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Coronavirus Impact on Athletics

Nutter Center gym | Photo by Soham Parikh | The Wright State Guardian

Nutter Center gym | Photo by Soham Parikh | The Wright State Guardian

Wright State University (WSU) had to postpone fall sports, along with every other team in the Horizon League. But this did not have a financial impact on the athletic program. 

Losses from March Madness 

The Division I men’s basketball tournament is the NCAA’s biggest source of revenue. In the 2018-2019 fiscal year the NCAA made $867.5 million from March Madness television and marketing rights alone. 

That doesn’t take into account the amount of money that the cities where the games are being played for the tournament make. 

“Before the COVID-19 public health crisis, no one anticipated the NCAA Division I Men’s Basketball Championship being canceled, but the Association was prepared for such an unlikely possibility,” according to the NCAA’s website. 

The NCAA has a contingency plan in place that includes a robust insurance plan, reduction in Division I revenue distributions and operation budget cuts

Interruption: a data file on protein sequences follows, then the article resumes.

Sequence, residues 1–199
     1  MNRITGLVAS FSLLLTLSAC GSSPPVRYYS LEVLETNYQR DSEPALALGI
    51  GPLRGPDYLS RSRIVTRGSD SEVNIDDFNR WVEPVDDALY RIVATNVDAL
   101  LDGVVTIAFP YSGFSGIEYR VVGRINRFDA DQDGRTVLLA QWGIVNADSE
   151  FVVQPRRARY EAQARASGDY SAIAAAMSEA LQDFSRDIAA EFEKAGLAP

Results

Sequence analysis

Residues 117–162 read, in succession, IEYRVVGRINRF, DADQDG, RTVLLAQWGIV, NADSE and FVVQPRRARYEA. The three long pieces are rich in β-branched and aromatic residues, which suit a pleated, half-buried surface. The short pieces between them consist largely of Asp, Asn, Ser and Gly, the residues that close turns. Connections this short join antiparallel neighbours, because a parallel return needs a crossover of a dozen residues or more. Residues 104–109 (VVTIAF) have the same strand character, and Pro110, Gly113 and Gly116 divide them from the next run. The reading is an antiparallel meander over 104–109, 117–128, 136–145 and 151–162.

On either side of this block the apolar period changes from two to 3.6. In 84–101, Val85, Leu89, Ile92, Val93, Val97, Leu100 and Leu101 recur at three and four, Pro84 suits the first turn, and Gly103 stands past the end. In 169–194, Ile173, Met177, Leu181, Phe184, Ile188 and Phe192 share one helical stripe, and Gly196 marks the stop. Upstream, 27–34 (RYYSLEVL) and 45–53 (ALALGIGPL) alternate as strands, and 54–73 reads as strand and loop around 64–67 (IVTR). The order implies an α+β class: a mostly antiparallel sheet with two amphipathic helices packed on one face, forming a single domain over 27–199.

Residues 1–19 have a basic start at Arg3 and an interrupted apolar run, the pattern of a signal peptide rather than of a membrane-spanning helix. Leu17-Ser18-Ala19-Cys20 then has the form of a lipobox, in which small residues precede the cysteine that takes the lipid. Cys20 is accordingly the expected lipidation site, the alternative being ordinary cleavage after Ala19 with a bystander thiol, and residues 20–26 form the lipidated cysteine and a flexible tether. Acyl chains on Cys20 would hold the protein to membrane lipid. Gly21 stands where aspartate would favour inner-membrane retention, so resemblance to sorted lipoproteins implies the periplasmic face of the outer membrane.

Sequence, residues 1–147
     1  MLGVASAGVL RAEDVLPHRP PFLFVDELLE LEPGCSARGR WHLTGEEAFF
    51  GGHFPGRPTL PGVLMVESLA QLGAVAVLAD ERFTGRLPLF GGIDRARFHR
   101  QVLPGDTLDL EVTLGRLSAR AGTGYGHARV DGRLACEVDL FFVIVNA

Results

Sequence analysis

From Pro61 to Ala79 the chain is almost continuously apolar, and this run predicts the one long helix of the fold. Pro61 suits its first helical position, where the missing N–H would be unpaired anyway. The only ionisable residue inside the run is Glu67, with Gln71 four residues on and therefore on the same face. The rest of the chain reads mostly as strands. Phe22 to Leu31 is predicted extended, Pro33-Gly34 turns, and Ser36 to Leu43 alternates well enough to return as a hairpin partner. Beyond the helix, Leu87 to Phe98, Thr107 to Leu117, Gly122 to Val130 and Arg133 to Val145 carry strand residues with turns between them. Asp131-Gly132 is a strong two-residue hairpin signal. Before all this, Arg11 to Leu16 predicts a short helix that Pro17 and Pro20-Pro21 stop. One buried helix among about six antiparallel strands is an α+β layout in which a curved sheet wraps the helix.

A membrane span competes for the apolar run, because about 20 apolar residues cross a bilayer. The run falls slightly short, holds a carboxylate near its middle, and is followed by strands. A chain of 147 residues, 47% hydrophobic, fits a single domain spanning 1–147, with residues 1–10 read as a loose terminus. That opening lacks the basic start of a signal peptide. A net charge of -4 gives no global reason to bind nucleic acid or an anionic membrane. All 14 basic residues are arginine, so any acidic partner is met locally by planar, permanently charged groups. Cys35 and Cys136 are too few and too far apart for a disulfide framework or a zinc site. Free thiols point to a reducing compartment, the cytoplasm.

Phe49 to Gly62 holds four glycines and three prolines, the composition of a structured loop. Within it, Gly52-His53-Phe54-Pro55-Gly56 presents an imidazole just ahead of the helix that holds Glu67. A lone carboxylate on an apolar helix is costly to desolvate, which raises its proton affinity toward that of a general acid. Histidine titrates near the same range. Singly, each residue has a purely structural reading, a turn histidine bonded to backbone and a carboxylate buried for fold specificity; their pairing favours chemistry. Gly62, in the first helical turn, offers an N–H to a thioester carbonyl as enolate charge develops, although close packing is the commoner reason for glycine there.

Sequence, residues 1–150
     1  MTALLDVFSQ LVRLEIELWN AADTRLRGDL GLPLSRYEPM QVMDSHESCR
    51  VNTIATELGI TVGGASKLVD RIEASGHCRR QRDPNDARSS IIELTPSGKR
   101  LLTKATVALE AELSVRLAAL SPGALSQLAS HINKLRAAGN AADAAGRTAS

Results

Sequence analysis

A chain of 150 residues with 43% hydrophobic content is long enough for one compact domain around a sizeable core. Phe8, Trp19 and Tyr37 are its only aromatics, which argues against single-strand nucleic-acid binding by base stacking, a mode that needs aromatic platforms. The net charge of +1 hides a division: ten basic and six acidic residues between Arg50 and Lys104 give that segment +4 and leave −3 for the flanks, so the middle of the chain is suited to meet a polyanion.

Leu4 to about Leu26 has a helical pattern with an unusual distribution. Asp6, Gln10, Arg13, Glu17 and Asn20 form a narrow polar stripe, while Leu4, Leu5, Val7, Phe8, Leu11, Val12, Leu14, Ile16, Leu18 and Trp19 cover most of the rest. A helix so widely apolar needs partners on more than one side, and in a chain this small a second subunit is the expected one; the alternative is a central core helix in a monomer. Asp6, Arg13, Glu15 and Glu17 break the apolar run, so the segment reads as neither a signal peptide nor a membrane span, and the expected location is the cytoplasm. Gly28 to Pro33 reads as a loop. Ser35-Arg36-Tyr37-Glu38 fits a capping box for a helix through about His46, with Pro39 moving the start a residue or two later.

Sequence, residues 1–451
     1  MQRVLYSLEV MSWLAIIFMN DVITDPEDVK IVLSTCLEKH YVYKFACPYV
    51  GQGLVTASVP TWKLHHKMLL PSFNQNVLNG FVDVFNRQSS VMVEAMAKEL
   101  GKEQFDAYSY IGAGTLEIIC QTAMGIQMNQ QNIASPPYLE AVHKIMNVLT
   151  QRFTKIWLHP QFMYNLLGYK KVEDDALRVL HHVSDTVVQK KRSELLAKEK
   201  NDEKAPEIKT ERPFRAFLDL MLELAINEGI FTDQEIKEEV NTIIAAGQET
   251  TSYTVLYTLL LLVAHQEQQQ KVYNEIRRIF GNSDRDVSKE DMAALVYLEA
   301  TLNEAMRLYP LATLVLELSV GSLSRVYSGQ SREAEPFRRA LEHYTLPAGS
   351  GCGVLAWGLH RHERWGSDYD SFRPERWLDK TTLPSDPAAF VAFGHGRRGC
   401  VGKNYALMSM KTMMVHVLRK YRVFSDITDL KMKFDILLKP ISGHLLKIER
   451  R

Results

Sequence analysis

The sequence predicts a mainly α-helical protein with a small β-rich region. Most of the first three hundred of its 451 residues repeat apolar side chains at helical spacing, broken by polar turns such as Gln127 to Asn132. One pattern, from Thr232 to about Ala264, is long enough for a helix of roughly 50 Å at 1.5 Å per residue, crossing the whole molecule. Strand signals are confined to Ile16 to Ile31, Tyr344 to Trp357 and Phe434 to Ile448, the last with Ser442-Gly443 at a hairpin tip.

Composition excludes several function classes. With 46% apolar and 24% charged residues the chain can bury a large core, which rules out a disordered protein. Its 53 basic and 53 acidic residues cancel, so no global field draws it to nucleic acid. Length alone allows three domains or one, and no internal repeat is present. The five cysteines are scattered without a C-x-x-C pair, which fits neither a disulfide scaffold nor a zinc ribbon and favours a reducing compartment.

“As far as postponing fall sports, we aren’t losing any money because of this,” said Assistant Athletic Director of Communications Nick Phillips. “The coronavirus pandemic has created uncertainty across the country, including in collegiate athletics, including the postponements of our fall seasons. The collective amount of lost ticket revenues for fall sports is offset by other expenses, such as travel, that are currently not happening because of the postponed fall seasons.”

This does not take into effect scholarships or the hold that the NCAA has put on recruiting, according to Phillips.

Fall sport athletes are back at practice and preparing to potentially play in the spring. 

There was a major financial impact on the athletic program in June when they had to cut $2 million out of their $10 million budget, which entailed cutting three sports programs.

Moving Forward 

“If the NCAA can get through next year without any major problems, we should be back to normal for our fiscal year beginning Sept. 1 of 2021,” said NCAA Senior Vice President and Chief Financial Officer Kathleen McNeely. 

Now that the NCAA has approved a start date for college basketball, WSU is waiting on a decision from the Horizon League on details regarding the season, which can make up for some of the losses they had from last season. 

There is still uncertainty surrounding what the men’s basketball tournament will look like and how many locations there will be for games. But the tournament will happen this year, a good sign for the financial aspect of college basketball around the country.